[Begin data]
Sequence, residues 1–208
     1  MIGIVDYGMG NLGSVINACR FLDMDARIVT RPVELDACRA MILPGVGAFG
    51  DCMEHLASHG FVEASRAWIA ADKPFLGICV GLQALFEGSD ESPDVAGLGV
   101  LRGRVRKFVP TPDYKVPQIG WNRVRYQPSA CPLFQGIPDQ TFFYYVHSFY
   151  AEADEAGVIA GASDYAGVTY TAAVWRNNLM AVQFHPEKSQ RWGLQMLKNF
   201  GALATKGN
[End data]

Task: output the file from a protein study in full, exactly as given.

Sequence, residues 1–208
     1  MIGIVDYGMG NLGSVINACR FLDMDARIVT RPVELDACRA MILPGVGAFG
    51  DCMEHLASHG FVEASRAWIA ADKPFLGICV GLQALFEGSD ESPDVAGLGV
   101  LRGRVRKFVP TPDYKVPQIG WNRVRYQPSA CPLFQGIPDQ TFFYYVHSFY
   151  AEADEAGVIA GASDYAGVTY TAAVWRNNLM AVQFHPEKSQ RWGLQMLKNF
   201  GALATKGN